Instructions for signing a reaffirmation agreement: If we receive a reaffirmation agreement, we will forward the reaffirmation agreement to you. Except in rare cases, we will not be able to assist in completing the agreement nor will we be able to sign or certify the agreement. Our Denver Colorado bankruptcy law office, as with most other Denver bankruptcy law firms, does not get involved with reaffirmation agreements.
If you execute a reaffirmation agreement, you will need to attend a Bankruptcy Court hearing either in person or over the phone. During the hearing a bankruptcy judge will determine whether the agreement poses an undue hardship on you. If the agreement poses an undue hardship, the Court will not approve the agreement.
You will need to complete several sections of the reaffirmation agreement completely and accurately or the Court will not consider the agreement.
When the form asks for “Income from Schedule I, line 16” please reference the electronic copy of the petition we provide to complete this section. On the left hand side of the PDF, you will notice several bookmarks, one of which is labeled “Schedule I – Current Income of Individual Debtor(s).” Click on this bookmark and use the amount listed on line 16 (bottom of the page) to complete the section labeled “Income from Schedule I, line 16” on the reaffirmation agreement.
When the form asks for “Current expenditures from Schedule J, line 18” click on the bookmark labeled “Schedule J Current Expenditures of Individual Debtor(s).” Use the amount listed on line 18. AVERAGE MONTHLY EXPENSES to complete the section labeled “Current expenditures from Schedule J, line 18” on the reaffirmation agreement.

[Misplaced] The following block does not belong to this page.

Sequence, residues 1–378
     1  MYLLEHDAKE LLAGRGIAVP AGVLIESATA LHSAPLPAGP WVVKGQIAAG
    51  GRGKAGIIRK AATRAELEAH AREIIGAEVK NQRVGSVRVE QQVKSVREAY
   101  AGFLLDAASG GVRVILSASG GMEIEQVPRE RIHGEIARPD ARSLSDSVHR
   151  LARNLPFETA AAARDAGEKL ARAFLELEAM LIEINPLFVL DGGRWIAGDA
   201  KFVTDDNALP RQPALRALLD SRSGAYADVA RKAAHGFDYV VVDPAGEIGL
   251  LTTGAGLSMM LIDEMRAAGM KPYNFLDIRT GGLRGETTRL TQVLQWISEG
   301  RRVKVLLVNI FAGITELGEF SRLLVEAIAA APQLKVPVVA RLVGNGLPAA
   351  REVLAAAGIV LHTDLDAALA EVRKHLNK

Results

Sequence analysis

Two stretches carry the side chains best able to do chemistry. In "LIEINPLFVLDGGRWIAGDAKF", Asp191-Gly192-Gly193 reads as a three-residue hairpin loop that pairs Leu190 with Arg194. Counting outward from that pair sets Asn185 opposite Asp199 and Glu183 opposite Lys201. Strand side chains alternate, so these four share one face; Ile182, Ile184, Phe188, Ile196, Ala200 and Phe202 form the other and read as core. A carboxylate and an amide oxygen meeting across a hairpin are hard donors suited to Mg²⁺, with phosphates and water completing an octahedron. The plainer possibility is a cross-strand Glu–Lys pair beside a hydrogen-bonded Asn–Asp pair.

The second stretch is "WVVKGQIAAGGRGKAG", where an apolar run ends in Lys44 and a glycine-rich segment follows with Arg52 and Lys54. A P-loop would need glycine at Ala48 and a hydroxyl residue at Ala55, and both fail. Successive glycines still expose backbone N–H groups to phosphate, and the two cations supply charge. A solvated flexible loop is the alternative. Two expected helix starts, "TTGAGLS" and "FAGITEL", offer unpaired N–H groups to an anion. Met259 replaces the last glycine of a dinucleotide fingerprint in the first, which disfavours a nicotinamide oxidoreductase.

Aside from the two sections referenced above, the rest of the form should be self-explanatory.
In some rare cases, and for good cause shown, we will assist, certify and sign a reaffirmation agreement on behalf of a client. We reserve the right to charge an extra fee for this service.
If there are no assets, the court will automatically close the case out in about 6 months from the date of filing. If the trustee is administering assets, your case will remain open for as long as the trustee needs to fully administer the case. Most asset cases are closed out in 12-24 months from the date of filing.
The debtor may file a complaint with the U.S. Bankruptcy Court against the creditor for willful violation of the discharge injunction. The debtor may be entitled to damages and reimbursement of costs. Seek legal counsel if this applies to you. Most creditors will stop bothering you if you assert knowledge of your rights.
The co-signor will remain liable. Your bankruptcy will relieve you of liability leaving the creditor to pursue your co-signor for payment.
The information provided on this website is for informational purposes only and is not to be taken as legal advice. Consult with your own bankruptcy counsel before proceeding to rely on the information taken from a website. Each case has its own unique issues which should be addressed by bankruptcy counsel.
If you have more questions about the best options for your current financial situation, call Consumer Law Pro today to speak with a Denver Colorado bankruptcy expert at (303) 297-7729.